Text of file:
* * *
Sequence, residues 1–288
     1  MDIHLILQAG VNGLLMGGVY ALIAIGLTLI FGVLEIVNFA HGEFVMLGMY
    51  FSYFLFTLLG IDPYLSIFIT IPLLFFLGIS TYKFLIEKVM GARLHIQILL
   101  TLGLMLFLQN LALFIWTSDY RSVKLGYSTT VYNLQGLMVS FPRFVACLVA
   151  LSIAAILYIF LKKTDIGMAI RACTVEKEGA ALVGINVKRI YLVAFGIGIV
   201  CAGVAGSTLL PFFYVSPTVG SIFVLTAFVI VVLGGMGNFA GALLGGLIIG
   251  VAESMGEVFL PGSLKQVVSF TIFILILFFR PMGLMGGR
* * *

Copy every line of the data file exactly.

Sequence, residues 1–288
     1  MDIHLILQAG VNGLLMGGVY ALIAIGLTLI FGVLEIVNFA HGEFVMLGMY
    51  FSYFLFTLLG IDPYLSIFIT IPLLFFLGIS TYKFLIEKVM GARLHIQILL
   101  TLGLMLFLQN LALFIWTSDY RSVKLGYSTT VYNLQGLMVS FPRFVACLVA
   151  LSIAAILYIF LKKTDIGMAI RACTVEKEGA ALVGINVKRI YLVAFGIGIV
   201  CAGVAGSTLL PFFYVSPTVG SIFVLTAFVI VVLGGMGNFA GALLGGLIIG
   251  VAESMGEVFL PGSLKQVVSF TIFILILFFR PMGLMGGR